A Crop of Contradictions
On what crop do we spend $6.2 billion a year to grow on 25 million acres of land and then throw away when we harvest it?
The answer to this peculiar question is grass for our lawns. Granted, in reality, we grow this crop for its appearance, not for harvest. Nonetheless, our American love affair with lawns has a variety of cultural and environmental contradictions built into it.
There is nothing like the clean, even greenery of a freshly
mowed lawn. It nicely accents our house, and it feels good to step back and survey it when the mowing is done. Grass is even known to affect people's moods by creating a feeling of serenity. It blends our yard with other neatly mowed lawns on the block, and we join our neighbors in criticizing anyone in the neighborhood who lets their lawn go weedy and unmowed. We want our lawns green, weed-free and closely mowed.
Our fascination with lawns has a long history, perhaps even buried a bit in our genetic make-up. Primitive man had a better chance of survival in short grass where he could see potential predators. The first lawns were created around castles of aristocrats in 17th century Europe. Lawns let the neighbors know that the landowner was so wealthy that he could use the land as a playground, not a place to grow food. In the mid-1800s, the masses began to imitate the English upper crust, and books and articles on lawns began to appear. Lawns took a big jump forward with the invention of the push lawn mower in 1830 and another big jump forward after World War II with the appearance of chemicals and gas-powered lawn mowers. Thus, we entered the mega-business and mass marketing of large immaculate swaths of green grass. [2,3]
The numbers behind this love affair are a bit staggering. One-third of all water used from public sources is for landscaping, mostly lawns.  Lawns use 10 times as many chemicals per acre as industrial farming.  Each year, we spend $5.25 billion on fertilizer and apply 67 million pounds of synthetic pesticides.  Add to this list the environmental impact of 44 million gas-powered lawnmowers using 580 million gallons of gasoline per year. One hour of driving a gas-powered lawnmower equals driving a car 45 miles, according to the EPA.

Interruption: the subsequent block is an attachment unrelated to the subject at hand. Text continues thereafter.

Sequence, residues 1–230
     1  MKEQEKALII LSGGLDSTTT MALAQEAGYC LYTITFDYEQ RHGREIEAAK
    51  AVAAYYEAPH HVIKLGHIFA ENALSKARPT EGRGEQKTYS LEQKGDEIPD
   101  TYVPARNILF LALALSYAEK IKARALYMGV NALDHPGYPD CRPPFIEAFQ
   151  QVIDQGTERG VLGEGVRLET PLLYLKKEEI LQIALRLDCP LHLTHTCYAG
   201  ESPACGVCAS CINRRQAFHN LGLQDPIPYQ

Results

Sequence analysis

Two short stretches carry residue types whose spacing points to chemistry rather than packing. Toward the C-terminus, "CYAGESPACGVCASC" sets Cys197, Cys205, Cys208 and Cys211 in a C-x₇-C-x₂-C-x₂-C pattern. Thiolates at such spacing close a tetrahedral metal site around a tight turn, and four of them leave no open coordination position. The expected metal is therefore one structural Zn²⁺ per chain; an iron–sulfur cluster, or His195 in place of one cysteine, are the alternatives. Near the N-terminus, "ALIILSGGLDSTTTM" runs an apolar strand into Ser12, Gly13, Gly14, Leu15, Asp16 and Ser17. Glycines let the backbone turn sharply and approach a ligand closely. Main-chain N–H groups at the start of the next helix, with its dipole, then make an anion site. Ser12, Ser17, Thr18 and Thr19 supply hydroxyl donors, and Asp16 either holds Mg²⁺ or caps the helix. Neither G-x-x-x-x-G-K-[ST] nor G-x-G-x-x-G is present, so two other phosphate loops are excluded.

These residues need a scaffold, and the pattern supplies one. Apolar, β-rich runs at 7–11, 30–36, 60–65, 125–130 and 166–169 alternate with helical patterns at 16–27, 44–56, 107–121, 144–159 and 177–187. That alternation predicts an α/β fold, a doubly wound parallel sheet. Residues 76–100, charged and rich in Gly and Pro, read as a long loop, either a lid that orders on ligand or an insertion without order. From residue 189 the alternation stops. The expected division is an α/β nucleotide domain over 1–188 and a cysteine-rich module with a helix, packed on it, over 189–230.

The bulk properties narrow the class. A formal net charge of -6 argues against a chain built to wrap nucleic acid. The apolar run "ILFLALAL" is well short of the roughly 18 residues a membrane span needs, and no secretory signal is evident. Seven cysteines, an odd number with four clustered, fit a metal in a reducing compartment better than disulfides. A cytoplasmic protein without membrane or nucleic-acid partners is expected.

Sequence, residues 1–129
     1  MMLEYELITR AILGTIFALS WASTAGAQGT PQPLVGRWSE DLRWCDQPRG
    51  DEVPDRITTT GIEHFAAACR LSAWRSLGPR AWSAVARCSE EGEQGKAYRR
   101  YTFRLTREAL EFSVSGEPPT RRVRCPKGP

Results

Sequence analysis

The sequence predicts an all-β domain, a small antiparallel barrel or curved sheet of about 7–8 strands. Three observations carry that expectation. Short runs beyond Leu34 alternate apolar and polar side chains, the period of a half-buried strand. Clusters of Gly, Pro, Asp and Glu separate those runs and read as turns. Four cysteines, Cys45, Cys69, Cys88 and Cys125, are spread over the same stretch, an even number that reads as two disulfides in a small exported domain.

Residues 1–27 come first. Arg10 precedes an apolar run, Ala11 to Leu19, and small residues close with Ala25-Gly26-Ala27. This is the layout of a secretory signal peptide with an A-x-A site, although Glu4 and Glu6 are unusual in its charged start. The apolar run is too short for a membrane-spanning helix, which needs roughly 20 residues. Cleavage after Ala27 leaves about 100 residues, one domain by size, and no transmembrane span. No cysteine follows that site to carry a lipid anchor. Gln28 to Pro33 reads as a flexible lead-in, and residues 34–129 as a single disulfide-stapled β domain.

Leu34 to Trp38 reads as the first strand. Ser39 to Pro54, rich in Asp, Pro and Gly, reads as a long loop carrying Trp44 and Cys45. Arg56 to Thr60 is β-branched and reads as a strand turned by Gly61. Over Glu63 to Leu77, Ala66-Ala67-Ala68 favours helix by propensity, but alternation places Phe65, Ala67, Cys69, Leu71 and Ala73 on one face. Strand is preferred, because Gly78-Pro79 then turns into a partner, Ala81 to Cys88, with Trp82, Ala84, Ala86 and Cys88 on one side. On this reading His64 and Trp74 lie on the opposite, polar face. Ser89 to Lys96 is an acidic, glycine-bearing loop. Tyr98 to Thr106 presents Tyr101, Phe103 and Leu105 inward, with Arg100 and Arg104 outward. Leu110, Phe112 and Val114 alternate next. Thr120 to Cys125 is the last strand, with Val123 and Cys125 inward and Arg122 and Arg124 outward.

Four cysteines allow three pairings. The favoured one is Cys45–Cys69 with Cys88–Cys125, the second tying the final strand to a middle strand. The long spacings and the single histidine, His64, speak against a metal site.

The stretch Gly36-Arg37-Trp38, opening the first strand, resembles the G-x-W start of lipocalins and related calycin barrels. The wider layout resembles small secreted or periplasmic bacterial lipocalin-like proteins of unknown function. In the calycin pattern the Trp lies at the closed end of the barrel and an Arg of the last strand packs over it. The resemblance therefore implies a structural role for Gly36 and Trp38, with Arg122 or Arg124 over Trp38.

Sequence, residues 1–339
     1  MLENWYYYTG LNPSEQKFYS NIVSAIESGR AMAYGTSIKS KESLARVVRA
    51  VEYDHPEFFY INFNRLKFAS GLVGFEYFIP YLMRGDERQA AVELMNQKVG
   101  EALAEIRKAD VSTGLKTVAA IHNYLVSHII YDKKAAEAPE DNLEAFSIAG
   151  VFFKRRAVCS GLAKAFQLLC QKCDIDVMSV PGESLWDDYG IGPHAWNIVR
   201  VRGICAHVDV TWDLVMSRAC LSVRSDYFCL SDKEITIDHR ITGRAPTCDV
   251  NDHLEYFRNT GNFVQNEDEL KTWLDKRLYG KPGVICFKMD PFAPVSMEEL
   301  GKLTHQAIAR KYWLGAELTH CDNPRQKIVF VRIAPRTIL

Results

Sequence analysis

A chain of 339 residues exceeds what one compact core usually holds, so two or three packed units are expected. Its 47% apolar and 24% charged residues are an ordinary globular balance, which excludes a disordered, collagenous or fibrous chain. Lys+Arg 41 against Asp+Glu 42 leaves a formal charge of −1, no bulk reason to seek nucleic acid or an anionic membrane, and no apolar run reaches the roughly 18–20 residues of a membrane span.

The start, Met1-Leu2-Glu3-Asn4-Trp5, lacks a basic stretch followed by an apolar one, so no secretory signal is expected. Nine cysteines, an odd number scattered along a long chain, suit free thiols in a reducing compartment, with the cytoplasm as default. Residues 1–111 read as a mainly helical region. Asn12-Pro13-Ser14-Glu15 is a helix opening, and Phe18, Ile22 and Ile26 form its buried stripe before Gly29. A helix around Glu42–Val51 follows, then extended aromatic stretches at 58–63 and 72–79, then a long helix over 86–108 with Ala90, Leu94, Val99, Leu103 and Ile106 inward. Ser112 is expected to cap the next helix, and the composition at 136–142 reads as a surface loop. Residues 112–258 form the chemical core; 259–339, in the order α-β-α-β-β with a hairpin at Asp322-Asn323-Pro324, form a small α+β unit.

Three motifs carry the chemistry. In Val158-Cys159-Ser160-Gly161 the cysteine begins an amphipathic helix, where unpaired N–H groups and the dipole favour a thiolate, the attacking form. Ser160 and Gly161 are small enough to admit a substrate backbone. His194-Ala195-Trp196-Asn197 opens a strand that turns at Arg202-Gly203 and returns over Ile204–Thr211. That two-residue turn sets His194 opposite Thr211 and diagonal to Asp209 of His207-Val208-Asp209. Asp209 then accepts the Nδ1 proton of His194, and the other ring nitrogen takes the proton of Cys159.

An example of creating functional lawn areas in your yard.
Photo provided by Joy Stewart
Concern for the environ-ment has brought into question whether we really need "wall-to-wall" grass. Lawns can be very functional, but we need to ask ourselves where lawn is most needed in our yards. Lawn provides an excellent area for outdoor recreation and a place for children and adults to play games. It is also excellent at surrounding and highlighting the entrance to our homes.
Lawn is a poor planting for other important functions. Grubs and sod webworms, two common critters attracted to lawns, are a sad contrast to the diversity of bees, butterflies and birds that are attracted by native wildflowers and grasses. Our steady replacement of natural habitat with sterile lawn composed of alien grasses is a big part of why we are losing our birds and butterflies. We have had nearly a 50 percent reduction in population size for many of our bird species in the last 50 years.  Habitat loss is the number one cause of decline in butterfly species. In the U.S. we have 23 butterfly species designated as threatened or endangered, and even our beloved monarch butterfly appears to be sliding into a long-term decline. [9,10]